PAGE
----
It’s said that everyone remembers the birth of their first child. Ours is etched in my memory.
Janice had gone to bed early. There I was watching “The Great Escape” when there was a piercing scream from upstairs followed by a loud thump.
“Johnny!” I heard her yell. “I need you!” I leapt upstairs.
There was Janice, lying in a pool of water.
“My waters have broken.” She was sobbing.
“Phone Joan the midwife! Get her to come NOW!”
I tried to calm her down.
“But you’re not due yet.”
So I did, only to be told that Joan was out and would get back to me. There were no mobile phones back then. We were stuck. And Janice was literally stuck on the bed. I tried to move the wet sheet from under her, but she just screamed at me.
“Johnny, I think the baby’s coming!”
I panicked then, I can tell you. I was desperately trying to remember what they’d said at the hospital. Something about keeping calm and not panicking!
“Keep calm,” I said, in my best soothing voice.
She screamed back at me, “I am calm!”
The phone rang. It was the midwife and I managed to gabble what had happened. “Stay calm,” she said.
“Aaarghhh!” yelled Janice.
“I’m not going to be able to get there. Have you seen outside?”
I glanced out of the window. Snow!
“Have you timed her contractions?”
“They’re coming frequently,” I replied, as Janice yelled again, this time with a supressed grunt.
“If it’s happening this fast, it’ll be fine.”
I don’t know who was breathing more rapidly, me or Janice. She had starting panting like a dog on a hot day.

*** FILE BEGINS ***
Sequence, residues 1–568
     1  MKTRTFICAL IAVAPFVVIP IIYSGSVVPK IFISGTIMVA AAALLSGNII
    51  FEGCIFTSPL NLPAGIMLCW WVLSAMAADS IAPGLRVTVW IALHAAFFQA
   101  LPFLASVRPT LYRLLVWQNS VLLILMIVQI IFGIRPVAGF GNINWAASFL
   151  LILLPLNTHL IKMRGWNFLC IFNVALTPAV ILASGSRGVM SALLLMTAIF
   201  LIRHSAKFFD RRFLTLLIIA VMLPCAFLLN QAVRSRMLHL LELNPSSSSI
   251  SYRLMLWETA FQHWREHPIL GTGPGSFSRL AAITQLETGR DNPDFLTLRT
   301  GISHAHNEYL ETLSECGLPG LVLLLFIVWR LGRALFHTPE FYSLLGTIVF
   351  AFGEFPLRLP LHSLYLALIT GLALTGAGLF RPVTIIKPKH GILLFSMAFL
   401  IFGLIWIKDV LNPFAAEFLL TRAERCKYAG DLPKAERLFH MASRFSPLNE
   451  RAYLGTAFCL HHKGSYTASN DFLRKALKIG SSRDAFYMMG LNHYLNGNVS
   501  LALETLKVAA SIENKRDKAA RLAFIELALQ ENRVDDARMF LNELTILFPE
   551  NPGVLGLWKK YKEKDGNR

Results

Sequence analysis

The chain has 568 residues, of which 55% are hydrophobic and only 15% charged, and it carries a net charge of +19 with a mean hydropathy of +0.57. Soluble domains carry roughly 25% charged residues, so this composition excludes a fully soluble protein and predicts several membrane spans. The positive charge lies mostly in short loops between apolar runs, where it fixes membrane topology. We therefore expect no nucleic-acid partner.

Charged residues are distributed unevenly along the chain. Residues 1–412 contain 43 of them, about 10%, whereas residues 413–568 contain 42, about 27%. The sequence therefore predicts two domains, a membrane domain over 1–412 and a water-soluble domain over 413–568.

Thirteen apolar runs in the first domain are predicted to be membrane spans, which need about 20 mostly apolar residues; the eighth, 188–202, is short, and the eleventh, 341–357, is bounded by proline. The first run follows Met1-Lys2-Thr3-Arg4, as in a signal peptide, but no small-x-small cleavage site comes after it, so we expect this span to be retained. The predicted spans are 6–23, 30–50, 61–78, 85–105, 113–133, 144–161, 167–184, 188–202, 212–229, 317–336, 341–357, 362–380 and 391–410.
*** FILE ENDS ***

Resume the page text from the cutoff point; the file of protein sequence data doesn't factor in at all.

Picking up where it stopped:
“Aargh!” screamed Janice. “It’s coming!”
Between her legs I could see this pale lump. The baby’s head!
Joan was reassuring. “No need to do anything. Just support the head with your hands as it comes out.”
There was a wounded animal cry from Janice as more of the baby’s head appeared.
“Pant!” urged the midwife.
“Pant!” I shouted.
Janice panted. And then in a moment, it was all over. Our son slid out between Janice’s legs.
“Now lift baby onto your wife’s tummy.”
Janice reached down to touch our son. Was he alive?
Then the magic moment when he cried. We were crying too.
“You’re amazing,” I told her. “I’m so proud of you.”
“Don’t touch the cord.” The midwife was still there on the phone. “Cover your wife and child. An ambulance is on its way.”
Janice had put our boy to her breast. His little toes were curled up in ecstasy.
“Hello son,” she whispered, “I’ve been wanting to meet you for a long time.”
And do you know, he opened his eyes and looked right at her.
There was a ring at the door.
“Congratulations!” The ambulance man beamed. “What’s his name?”
“Noah.” We both said it together.
“Ah,” smiled the ambulance guy, surveying the soaking wet bed.
“I can see why!”
© Andrea Neidle, My Life in Poems